Some of you may remember the old days of grocery shopping, when you had to go to multiple specialty little shops to get all your food. When you walked down the road to pick up your daily bread, went to the butcher to get your meat, and had your milk delivered. OK, so most of us are probably under 80, and may have only experienced glimpses of that. In some countries, you can still get that full experience where they’ve resisted the transition to the supermarkets.
For the majority of the US, that way of shopping has drastically changed since around the 1950s, when the ease and convenience of supermarkets was just too irresistible. You could just take your car to a single location, and browse down from aisle to aisle to pick up conveniently packaged food in plastic. On top of the convenience, you had great deals and food that lasted longer. Instead of having to buy bread every day, through the magic of chemistry, you now had bread that could last a whole week.
Convenience, mass production, and longer lasting food, came at a cost. No, not the price, that also had to remain attractive. What had to give was the quality of food. The entire process of food, from how you raised cows to the use of additives and preservatives, was changed at every level. Your bread was no longer going to be handmade by a baker who wakes up at 2 am to make the morning bread. The process was chemically accelerated, to create a bread that could last several days in a truck and then sit on a store shelf, and still have enough life for your pantry.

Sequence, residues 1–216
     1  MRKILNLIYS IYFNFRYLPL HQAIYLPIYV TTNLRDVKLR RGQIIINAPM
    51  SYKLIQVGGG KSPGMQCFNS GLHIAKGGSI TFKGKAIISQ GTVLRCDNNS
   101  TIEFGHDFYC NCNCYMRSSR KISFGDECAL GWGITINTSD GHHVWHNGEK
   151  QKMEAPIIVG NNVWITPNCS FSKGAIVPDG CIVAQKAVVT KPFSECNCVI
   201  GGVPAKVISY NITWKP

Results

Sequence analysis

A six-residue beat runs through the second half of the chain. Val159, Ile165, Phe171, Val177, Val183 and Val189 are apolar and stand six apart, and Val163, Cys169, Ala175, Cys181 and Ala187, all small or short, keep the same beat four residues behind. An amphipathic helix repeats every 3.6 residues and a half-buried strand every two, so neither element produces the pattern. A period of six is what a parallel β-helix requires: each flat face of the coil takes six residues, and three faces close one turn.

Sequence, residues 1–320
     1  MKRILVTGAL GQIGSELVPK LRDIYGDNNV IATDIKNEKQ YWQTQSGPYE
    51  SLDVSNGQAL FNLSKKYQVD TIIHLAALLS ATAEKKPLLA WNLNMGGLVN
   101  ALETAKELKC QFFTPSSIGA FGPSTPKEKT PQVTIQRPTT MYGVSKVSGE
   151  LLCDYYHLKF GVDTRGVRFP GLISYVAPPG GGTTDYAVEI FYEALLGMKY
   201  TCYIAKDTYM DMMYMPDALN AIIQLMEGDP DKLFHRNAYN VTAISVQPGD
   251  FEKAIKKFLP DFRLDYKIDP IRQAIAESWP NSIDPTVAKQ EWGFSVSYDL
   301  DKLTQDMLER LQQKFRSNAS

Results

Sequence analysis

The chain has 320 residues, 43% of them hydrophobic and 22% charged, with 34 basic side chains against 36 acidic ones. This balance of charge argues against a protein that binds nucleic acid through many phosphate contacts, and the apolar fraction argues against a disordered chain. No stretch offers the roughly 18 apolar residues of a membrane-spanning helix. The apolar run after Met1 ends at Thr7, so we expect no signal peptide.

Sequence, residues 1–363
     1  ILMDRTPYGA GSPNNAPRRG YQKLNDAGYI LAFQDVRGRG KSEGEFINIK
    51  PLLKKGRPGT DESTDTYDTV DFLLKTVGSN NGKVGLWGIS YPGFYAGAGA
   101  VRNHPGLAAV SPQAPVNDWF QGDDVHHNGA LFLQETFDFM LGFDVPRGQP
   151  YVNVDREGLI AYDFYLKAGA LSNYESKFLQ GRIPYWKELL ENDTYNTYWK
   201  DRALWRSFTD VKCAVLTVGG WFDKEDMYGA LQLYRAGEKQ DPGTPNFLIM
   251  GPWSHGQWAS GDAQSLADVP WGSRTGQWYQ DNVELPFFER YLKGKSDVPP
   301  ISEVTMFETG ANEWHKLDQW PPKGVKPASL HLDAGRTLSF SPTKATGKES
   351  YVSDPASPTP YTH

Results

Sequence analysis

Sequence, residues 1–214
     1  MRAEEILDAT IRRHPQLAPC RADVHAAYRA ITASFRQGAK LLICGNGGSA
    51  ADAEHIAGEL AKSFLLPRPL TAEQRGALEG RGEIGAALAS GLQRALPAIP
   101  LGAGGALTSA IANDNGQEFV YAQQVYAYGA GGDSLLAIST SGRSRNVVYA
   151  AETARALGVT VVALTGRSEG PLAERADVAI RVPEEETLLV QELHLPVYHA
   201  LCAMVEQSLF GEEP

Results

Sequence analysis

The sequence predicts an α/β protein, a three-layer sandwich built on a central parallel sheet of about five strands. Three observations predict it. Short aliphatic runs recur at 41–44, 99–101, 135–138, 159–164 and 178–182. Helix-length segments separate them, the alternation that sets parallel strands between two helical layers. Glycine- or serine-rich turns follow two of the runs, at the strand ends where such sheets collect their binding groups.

With our increasing awareness on how food affects our health, and a shift towards healthy food, an increasing number of people are becoming more interested in quality food, over convenient and long lasting food. There is also a growing food culture looking for fresh quality options, because that simply tastes better. Sometimes you just don’t care that your food will stay good for another 6 months, that it’s conveniently available at your local supermarket, or that there’s a 2 for 1 coupon for it. Sometimes you just want to listen to your stomach, and just have damn good food.
In large foodie cities, and now throughout the US, small specialty food businesses have been popping up. From specialty cheese-mongers, to homemade muffin shops. Many people have grown tired of some of the stale boring supermarket shelf food, and want something with real flavor and freshness. There’s also a unique variety you get from specialty shops. Stores like Whole Foods have tried to include butcher and seafood sections, imitating specialty shops. But the selection tends to be very limited, and they always have the same items. There’s no catch of the day, or rotating seasonal items. In a specialty shop, you get that variety, and once in a while, they bring something different and exotic or seasonal.
On top of the food quality, what has brought some people back to the specialty food shops is the interaction and knowledge you get from the shopkeeper. If you go to a butcher, you’ll be able to get advice on meat from someone who does nothing but work with meat. A lot of them can even give you cooking advice for every meat. The convenience you lose from having to make multiple stops, may be made up by getting some great advice and on the spot tutorials.
Before your next trip to the supermarket, see if you have any local specialty food shops. It may be worth the extra trip. You’ll also see why these type of stores are starting to make a come back.
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